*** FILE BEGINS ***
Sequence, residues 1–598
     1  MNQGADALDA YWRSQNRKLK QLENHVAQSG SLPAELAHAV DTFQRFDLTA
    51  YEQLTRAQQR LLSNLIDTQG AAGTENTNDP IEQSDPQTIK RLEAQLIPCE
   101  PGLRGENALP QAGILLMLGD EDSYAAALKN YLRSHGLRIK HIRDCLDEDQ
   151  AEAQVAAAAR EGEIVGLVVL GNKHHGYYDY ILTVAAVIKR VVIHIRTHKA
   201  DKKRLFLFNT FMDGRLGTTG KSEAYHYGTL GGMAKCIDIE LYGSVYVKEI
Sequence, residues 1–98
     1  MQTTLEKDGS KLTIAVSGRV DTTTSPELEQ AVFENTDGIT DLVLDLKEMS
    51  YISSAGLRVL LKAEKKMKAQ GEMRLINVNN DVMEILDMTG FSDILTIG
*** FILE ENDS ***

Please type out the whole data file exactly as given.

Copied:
Sequence, residues 1–598
     1  MNQGADALDA YWRSQNRKLK QLENHVAQSG SLPAELAHAV DTFQRFDLTA
    51  YEQLTRAQQR LLSNLIDTQG AAGTENTNDP IEQSDPQTIK RLEAQLIPCE
   101  PGLRGENALP QAGILLMLGD EDSYAAALKN YLRSHGLRIK HIRDCLDEDQ
   151  AEAQVAAAAR EGEIVGLVVL GNKHHGYYDY ILTVAAVIKR VVIHIRTHKA
   201  DKKRLFLFNT FMDGRLGTTG KSEAYHYGTL GGMAKCIDIE LYGSVYVKEI
Sequence, residues 1–98
     1  MQTTLEKDGS KLTIAVSGRV DTTTSPELEQ AVFENTDGIT DLVLDLKEMS
    51  YISSAGLRVL LKAEKKMKAQ GEMRLINVNN DVMEILDMTG FSDILTIG